The catcher may be the most important player on the field, he's the only on with the entire game in front of him, and his handling of the pitcher is sometimes more important than the pitcher himself. But the toll the position's duties take on the body are unmatched by any position in baseball; you need not look any further than Mike Piazza or Ivan Rodriguez for proof. Historically, around age 33 catchers really start to show their age and essentially turn into pumpkins. Yankee stalwart Jorge Posada is on the wrong side of 33 (he'll turn 35 this August) and even worse, there's no one in the farm system to replace him.
It's become almost a foregone conclusion that Jorge will make the 63 appearances behind the plate necessary to guarantee the $12M option in his contract for 2007. At that point, he'll essentially become untradeable. The free agent market following 2006 isn't the most exciting when it comes to catchers, with Doug Mirabelli, Rod Barajas, and an aging Javy Lopez as the sexiest names. The 2007 class is a bit better, when guys like Jason Kendall, Jason LaRue, Paul LoDuca and Michael Barrett should be available barring contract extensions, but all of those guys will be on the wrong side of 33 by then (except Barrett, who'll be 31).
The most ideal situation would be to bring a young catcher up and gradually work him into the rigors of everyday catching at the ML level over 2-3 seasons. Posada underwent a similar "breaking in" period behind Joe Girardi, not taking over full-time catching duties until the 2000 season. As I stated earlier, there's no one in the farm system that has the look of being an everyday catcher.
David Parrish, the Yanks first round pick in 2000, is already 26 and has only 380 ABs above Double-A under his belt, during which he posted an unremarkable .252-.315-.350-.665 line. Tommy Rojas has a chance to become a decent catcher, but the 908th overall pick in 2000 is already 23 and is slowly working his way up the ladder, spending at least a year at each level before moving up (he played at High-A Tampa in 2005). Omir Santos may be the best hope from within the organization, but he's already 24 and posted a .654 OPS in Double-A Trenton in 2005. Yeah, the catching depth in the system is that bad.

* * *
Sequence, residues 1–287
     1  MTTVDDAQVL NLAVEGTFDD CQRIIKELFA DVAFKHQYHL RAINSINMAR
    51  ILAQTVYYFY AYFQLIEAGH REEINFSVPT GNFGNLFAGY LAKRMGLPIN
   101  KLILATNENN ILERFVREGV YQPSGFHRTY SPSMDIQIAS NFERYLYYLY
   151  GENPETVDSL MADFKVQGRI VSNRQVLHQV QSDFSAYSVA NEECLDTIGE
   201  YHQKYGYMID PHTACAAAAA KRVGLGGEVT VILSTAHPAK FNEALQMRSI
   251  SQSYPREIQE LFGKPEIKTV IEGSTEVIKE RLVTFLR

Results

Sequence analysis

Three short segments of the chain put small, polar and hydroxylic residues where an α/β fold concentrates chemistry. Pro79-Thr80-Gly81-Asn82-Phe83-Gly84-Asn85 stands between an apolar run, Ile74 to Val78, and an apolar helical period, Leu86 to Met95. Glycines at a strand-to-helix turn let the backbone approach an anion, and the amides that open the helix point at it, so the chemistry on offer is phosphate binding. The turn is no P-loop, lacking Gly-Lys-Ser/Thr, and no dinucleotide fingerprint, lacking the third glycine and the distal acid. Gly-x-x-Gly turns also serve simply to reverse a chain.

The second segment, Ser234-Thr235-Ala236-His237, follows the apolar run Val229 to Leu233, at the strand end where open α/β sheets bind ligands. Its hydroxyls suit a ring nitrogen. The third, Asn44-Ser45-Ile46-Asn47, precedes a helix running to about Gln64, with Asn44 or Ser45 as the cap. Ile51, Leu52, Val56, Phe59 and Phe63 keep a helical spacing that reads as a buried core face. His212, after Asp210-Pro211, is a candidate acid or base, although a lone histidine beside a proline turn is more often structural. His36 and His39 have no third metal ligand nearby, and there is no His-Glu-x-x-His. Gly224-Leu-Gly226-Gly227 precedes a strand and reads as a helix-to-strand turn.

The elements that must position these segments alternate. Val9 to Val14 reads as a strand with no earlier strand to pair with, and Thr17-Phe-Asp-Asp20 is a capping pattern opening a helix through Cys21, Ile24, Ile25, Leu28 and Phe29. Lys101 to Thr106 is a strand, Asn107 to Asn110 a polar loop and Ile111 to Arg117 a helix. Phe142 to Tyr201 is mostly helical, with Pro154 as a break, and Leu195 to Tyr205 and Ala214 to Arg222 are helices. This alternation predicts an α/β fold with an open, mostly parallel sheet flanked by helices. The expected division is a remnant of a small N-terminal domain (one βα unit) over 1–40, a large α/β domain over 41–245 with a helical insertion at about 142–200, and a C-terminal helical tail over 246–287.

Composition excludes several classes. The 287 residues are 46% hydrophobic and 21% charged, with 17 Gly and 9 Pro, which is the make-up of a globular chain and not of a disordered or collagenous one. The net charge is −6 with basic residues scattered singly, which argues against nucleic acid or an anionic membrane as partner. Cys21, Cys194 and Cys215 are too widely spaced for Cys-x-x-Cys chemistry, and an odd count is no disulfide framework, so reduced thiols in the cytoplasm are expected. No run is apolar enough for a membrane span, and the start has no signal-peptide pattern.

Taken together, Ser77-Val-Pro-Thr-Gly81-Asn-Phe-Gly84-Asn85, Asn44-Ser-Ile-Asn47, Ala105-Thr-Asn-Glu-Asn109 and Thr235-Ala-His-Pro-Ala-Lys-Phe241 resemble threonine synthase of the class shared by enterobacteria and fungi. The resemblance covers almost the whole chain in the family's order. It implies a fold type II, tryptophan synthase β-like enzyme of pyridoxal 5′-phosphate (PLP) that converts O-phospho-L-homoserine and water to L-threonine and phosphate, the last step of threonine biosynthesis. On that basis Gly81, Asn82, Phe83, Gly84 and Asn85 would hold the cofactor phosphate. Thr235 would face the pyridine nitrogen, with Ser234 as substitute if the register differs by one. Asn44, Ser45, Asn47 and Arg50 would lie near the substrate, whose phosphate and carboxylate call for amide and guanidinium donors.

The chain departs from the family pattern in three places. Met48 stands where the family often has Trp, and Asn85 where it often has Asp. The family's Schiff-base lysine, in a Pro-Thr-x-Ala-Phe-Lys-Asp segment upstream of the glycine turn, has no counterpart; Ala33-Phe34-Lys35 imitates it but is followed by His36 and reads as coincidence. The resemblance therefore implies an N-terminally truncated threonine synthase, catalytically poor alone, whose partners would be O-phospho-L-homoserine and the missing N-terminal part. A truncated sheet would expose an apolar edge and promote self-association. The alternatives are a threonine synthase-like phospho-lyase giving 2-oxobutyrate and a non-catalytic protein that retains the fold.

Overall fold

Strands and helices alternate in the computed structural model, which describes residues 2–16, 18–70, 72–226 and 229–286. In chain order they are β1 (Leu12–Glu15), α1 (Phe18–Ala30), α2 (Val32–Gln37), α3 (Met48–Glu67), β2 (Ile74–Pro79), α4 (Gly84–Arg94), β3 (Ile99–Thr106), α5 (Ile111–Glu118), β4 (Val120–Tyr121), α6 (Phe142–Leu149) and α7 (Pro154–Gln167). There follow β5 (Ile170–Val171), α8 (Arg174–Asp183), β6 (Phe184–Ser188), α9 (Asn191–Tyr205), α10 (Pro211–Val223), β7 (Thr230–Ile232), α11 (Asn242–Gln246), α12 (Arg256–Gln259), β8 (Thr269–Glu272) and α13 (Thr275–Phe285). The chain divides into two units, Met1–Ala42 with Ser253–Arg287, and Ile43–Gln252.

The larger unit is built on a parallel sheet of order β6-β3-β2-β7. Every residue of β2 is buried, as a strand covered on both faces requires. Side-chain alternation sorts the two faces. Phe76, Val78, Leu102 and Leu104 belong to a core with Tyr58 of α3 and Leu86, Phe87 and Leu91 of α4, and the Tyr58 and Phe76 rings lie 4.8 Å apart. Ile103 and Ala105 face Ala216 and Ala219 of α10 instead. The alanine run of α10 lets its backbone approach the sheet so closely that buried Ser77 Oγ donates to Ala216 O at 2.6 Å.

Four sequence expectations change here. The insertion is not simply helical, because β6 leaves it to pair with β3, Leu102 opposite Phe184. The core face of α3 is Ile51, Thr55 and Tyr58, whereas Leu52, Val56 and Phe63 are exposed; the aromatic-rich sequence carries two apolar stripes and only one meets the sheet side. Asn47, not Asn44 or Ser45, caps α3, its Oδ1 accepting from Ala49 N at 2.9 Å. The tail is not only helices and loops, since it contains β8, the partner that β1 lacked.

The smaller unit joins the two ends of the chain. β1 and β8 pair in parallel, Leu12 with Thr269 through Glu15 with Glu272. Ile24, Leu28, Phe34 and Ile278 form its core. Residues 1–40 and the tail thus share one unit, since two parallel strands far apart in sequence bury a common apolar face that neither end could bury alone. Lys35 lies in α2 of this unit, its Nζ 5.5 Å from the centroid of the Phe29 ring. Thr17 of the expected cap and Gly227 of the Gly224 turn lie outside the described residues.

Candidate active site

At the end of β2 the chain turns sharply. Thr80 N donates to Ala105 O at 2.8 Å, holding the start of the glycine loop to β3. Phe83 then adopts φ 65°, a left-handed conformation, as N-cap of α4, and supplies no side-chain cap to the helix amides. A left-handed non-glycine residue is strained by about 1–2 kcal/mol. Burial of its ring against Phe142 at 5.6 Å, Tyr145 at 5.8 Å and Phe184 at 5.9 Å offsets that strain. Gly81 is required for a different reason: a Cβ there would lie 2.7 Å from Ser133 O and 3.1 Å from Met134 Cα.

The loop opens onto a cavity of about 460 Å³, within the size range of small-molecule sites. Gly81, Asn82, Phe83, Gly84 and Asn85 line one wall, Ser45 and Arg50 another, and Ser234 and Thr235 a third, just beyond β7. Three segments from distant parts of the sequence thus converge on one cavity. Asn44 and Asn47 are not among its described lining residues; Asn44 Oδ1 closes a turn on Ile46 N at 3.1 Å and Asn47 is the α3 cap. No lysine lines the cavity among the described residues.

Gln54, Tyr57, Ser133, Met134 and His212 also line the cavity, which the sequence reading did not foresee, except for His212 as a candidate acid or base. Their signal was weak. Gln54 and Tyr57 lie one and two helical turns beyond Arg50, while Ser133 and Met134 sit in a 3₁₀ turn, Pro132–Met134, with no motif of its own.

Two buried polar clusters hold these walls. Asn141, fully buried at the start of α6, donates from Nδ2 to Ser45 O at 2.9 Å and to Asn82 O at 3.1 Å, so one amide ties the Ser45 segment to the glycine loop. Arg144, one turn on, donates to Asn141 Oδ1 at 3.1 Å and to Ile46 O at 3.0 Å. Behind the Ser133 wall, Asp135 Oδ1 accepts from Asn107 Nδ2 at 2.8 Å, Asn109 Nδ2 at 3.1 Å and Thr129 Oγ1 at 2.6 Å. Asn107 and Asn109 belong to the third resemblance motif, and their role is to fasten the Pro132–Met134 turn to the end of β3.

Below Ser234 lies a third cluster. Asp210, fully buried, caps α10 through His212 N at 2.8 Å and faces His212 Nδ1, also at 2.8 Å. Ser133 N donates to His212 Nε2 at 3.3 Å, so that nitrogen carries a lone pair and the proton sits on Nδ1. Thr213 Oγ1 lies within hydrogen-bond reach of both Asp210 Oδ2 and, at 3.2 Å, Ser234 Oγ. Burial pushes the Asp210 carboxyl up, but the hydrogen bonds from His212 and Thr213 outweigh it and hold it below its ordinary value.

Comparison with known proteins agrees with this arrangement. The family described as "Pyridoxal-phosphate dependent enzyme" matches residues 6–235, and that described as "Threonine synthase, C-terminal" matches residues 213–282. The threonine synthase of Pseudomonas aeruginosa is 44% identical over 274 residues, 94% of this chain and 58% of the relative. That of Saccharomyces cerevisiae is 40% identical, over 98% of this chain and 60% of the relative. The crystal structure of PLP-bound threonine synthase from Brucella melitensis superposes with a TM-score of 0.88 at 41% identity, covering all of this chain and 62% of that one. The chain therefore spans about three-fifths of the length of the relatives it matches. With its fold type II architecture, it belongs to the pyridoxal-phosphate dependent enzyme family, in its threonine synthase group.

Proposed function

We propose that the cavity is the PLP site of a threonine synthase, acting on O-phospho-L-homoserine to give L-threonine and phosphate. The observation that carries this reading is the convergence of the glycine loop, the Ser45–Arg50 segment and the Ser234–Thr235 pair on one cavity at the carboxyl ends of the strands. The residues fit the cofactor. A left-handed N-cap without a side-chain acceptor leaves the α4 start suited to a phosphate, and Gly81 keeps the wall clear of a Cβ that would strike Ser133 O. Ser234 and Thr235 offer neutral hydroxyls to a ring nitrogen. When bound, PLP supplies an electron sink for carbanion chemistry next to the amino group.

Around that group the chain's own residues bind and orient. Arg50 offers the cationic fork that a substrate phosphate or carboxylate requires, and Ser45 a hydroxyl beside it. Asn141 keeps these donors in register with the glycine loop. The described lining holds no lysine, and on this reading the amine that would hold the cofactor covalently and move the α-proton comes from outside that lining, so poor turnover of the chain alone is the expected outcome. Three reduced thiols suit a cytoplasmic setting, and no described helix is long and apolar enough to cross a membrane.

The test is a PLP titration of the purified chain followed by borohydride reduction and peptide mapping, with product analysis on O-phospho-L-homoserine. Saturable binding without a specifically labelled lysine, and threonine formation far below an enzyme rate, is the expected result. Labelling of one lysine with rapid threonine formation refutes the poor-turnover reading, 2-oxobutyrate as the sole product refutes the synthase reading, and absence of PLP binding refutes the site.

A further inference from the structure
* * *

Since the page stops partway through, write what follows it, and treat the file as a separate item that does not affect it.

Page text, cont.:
So unless there's a miracle on 161st Street, Posada's eventual successor will have to come from outside the organization. That's where this guy comes in: Kelly Shoppach. The former Red Sox top pick (48th overall in 2001) was included in the Coco Crisp-Ande Marte swap 2 weeks ago, and the soon to be 26 year old is ready to begin his "break in" period right now. Shoppach's problem is that Indians already have their franchise catcher in 27 year old Victor Martinez, as well as a great hitter in 25 year old Ryan Garko who's set to crack the big leagues in a big way very, very soon.
Shoppach can hit, as he owns a career .819 OPS and has averaged 26 HR and 63 RBIs per 162 games in his 3 minor league seasons. Even though he isn't a great hitter for average, he gets on base well (his career OBP is roughly 100 points higher than his career BA) and is solid defensively. He is very good at handling pitchers and an awesome clubhouse guy. His name has popped up in trade rumors constantly in the last year, with reports of him heading to the Rockies, Devil Rays and Diamondbacks surfacing, all to be squashed one way or the other. When he finally was dealt to Cleveland, it was a bit of a surprise to some because of Martinez's presence.
Now, the Indians are not going to give Shoppach away just because he's essentially a spare part, but they certainly could use some bullpen help and possibly another outfielder. Would a package of Eduardo Nunez and J. Brent Cox be enough to get Shoppach? Maybe, but Cashman has already said he has big plans for Cox. More realistically, a package featuring Tanyon Sturtze and someone like Bubba Crosby or Melky Cabrera could be enough to land Shoppach, and possibly even another prospect.
Even though Indians GM Mark Shapiro maintains that he is looking towards the future, his team is ready to contend now. They would benefit most from having a veteran leader like Einar Diaz (signed to a minor league deal by Cleveland) backup Martinez rather than a rookie like Shoppach.
If a trade does go down, Shoppach could start the season in Triple-A to work out some kinks, then come up after the All-Star break and catch 30-40 during the second half. Posada could make appearances at DH or 1B just to stay in the lineup, but he'd be in better shape physically come playoff time.
Other names that could be interesting as far as potential Posada successor's include Atlanta's Brian McCann (he's just keeping the spot warm for Jarrod Saltalamacchia), Texas' Gerald Laird, Pittsburgh's Ryan Doumit (he'll be expendable once Neil Walker hits the bigs) or one of Arizona's Koyie Hill and Chris Snyder (they don't need both with Johnny Estrada now on board).
One things for sure, the Yanks had better have a plan as far as Posada's successor, because this could become a monumental problem as soon as June or July.